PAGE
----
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Navigating future rate cuts and long-term investment strategies 


Navigating future rate cuts and long-term investment strategies 

In this week’s video insight, I discuss the Reserve Bank of Australia’s (RBA) recent decision to maintain current interest rate levels and anticipate the upcoming announcement from the U.S. Federal Reserve (Fed), where no changes are expected. Instead, the focus shifts onto potential indicators regarding future rate cuts. With recent market shifts and economic data influencing expectations, I delve into the broader implications for investors, highlighting the importance of maintaining a long-term perspective amidst short-term economic and financial fluctuations. 


This week, all eyes are on the RBA and the Fed. And while nobody is expecting a move on interest rates, the focus is instead on whether either will make any pronouncements regarding the timing of a future rate cut. 

I will discuss in a moment whether beguiling attention on the Fed and the RBA is spurious. For the moment however, let me cave to the pressure and provide an opinion. 

Last week, all three major U.S. indices lost ground. The decline might have been in response to a reappraisal of the Fed’s rate-cutting blueprint. Today, most believe the Fed won’t be cutting rates as soon as once anticipated. With recent U.S. inflation data firmer and their job market still looking robust, the central bank is unlikely to signal any urgency with respect to rate cuts. Some economists and commentators believe the Fed may signal a reduced pace of rate cuts this year, from the hitherto-expected three rate cuts this year to just two or less. 

In Australia, the RBA seems to be willing to tolerate a slightly higher level of inflation because it confers on the economy the benefit of salubrious employment conditions. The consequence, however, is that rates may take longer to be cut by the RBA than by overseas peers. Not a single economist – of which more than 40 were surveyed by Bloomberg – expects the RBA to move on rates this week. 

But does any of this really matter to the long-term investor? Since first purchasing shares in Berkshire Hathaway in 1962 and then taking control of the then-beleaguered textile company in 1965, Warren Buffett has been investing successfully in companies listed on public markets. Meanwhile, the U.S. Federal Reserve’s Open Market Committee minutes and records of policy decisions go back to 1936.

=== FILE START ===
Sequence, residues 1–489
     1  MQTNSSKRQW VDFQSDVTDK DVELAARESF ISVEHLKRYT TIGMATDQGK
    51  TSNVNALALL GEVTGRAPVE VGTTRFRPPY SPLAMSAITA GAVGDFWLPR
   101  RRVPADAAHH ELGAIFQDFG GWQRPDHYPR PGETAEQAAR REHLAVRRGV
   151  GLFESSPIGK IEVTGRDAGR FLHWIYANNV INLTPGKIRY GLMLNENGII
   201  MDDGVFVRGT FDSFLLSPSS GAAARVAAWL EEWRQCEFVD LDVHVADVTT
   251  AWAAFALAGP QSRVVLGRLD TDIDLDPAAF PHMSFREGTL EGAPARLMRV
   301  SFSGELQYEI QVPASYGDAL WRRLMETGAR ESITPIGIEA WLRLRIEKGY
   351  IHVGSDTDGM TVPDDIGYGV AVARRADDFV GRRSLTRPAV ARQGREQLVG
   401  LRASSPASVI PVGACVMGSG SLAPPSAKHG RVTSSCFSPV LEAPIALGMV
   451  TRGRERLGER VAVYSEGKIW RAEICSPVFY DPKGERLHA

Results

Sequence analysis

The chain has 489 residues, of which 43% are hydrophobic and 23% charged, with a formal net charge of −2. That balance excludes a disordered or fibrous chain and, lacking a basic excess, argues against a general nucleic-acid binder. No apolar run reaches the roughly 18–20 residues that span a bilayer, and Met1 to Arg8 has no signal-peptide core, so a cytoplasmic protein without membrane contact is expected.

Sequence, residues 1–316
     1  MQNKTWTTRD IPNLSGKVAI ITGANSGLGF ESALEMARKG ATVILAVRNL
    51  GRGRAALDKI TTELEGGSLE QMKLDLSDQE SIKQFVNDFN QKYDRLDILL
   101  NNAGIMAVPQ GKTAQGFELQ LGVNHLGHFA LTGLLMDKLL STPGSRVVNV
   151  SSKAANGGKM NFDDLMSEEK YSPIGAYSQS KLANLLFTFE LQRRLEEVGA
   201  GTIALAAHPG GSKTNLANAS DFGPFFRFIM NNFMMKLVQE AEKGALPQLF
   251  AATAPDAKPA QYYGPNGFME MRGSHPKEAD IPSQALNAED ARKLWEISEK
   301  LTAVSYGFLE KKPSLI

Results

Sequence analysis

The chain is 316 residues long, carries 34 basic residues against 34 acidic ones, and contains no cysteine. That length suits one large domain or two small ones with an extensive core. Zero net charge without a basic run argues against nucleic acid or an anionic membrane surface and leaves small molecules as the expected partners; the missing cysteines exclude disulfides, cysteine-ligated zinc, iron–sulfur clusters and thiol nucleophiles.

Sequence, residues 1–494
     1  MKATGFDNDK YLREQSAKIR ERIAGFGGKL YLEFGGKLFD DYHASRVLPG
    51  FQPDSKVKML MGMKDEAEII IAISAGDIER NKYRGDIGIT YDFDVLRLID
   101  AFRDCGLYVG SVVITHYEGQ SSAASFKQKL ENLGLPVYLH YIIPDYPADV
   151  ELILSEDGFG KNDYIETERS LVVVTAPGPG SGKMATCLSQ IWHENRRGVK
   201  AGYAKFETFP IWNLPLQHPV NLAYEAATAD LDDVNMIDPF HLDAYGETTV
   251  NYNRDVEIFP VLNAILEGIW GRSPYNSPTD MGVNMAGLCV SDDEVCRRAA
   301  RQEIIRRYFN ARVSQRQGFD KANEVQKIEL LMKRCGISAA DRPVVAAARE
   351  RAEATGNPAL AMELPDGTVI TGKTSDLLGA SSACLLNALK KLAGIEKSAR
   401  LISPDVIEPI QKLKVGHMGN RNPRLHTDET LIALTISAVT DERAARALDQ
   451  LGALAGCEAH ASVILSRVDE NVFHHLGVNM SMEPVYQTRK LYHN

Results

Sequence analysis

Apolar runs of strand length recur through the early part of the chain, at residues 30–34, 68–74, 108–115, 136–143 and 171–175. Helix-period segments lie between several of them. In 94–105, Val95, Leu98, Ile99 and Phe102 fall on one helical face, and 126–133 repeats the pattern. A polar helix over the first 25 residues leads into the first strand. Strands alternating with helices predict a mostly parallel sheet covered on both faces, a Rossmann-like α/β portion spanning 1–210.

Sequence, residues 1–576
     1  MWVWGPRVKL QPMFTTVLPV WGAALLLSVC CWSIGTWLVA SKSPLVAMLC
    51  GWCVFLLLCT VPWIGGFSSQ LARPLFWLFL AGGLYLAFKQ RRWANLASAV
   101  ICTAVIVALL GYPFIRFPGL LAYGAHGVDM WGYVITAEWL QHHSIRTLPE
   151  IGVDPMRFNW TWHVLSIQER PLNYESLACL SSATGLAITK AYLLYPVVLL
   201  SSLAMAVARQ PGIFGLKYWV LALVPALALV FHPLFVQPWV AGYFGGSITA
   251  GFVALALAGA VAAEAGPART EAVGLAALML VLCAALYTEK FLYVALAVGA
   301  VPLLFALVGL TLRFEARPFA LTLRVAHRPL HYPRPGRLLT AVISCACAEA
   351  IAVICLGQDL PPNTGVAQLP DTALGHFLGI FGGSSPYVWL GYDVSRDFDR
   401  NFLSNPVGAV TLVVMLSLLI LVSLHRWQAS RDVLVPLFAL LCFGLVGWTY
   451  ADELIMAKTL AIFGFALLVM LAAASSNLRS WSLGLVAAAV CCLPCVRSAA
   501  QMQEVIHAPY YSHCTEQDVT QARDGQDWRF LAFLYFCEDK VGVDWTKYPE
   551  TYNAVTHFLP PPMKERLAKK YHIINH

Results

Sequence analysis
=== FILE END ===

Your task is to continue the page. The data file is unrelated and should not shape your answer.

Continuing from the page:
Imagine Warren Buffett, and then subsequently with Charlie Munger, had fretted over every rate decision or Fed meeting since 1965? Charlie Munger recently passed away just weeks from his 100th birthday. I suspect he would have passed much earlier if he had worried about each Fed decision, the way investors pour over it today. More importantly, history reveals that those Fed decisions didn’t matter at all, in the long run, to the wealth accumulation enjoyed by those who invested in Berkshire. 

Right now, you might be thinking about how the market is going to react to news the Fed pulls back from three possible rate cuts this year to just two cuts or even one. Sure, the market might react negatively, but therein lies the opportunity. Don’t listen to the market; take advantage of it. As Wall street’s Dean of value investing, Ben Graham, once noted, it’s not the market’s wisdom you should be interested in but its wallet. 

As an investor this week, you should keep the bigger picture in mind. Take a look at this table prepared by Gary Rollo and Dominic Rose at The Montgomery Small Companies Fund… 

Interest rate cuts RBA

We used to be in an environment of rapidly rising rates. Now, rates appear to have peaked. They may not drop quickly, but they’re even less likely to go up. Last year, investors were worried – undeservedly, I think – about a recession. Today, a soft landing is all but guaranteed. Meanwhile, those recession and rate hike concerns had many investors concerned about corporate earnings. Today, as the recent reporting season revealed, earnings are resilient and, in some cases, growing robustly. And finally, high cash levels are giving way to the deployment of that cash into judiciously-selected stocks, even small caps – which, as an aside, I think could seriously outperform over the next 18-24 months. 

So, forget about central bank meetings, rate rises, and cuts and just focus on buying higher quality businesses that are growing, enjoy sectoral tailwinds, and have pricing power or other competitive advantages. You’ll do fine long term, irrespective of what the central banks do next. 


Roger Montgomery is the Founder and Chairman of Montgomery Investment Management. Roger has over three decades of experience in funds management and related activities, including equities analysis, equity and derivatives strategy, trading and stockbroking. Prior to establishing Montgomery, Roger held positions at Ord Minnett Jardine Fleming, BT (Australia) Limited and Merrill Lynch.

This post was contributed by a representative of Montgomery Investment Management Pty Limited (AFSL No. 354564). The principal purpose of this post is to provide factual information and not provide financial product advice. Additionally, the information provided is not intended to provide any recommendation or opinion about any financial product. Any commentary and statements of opinion however may contain general advice only that is prepared without taking into account your personal objectives, financial circumstances or needs. Because of this, before acting on any of the information provided, you should always consider its appropriateness in light of your personal objectives, financial circumstances and needs and should consider seeking independent advice from a financial advisor if necessary before making any decisions. This post specifically excludes personal advice.

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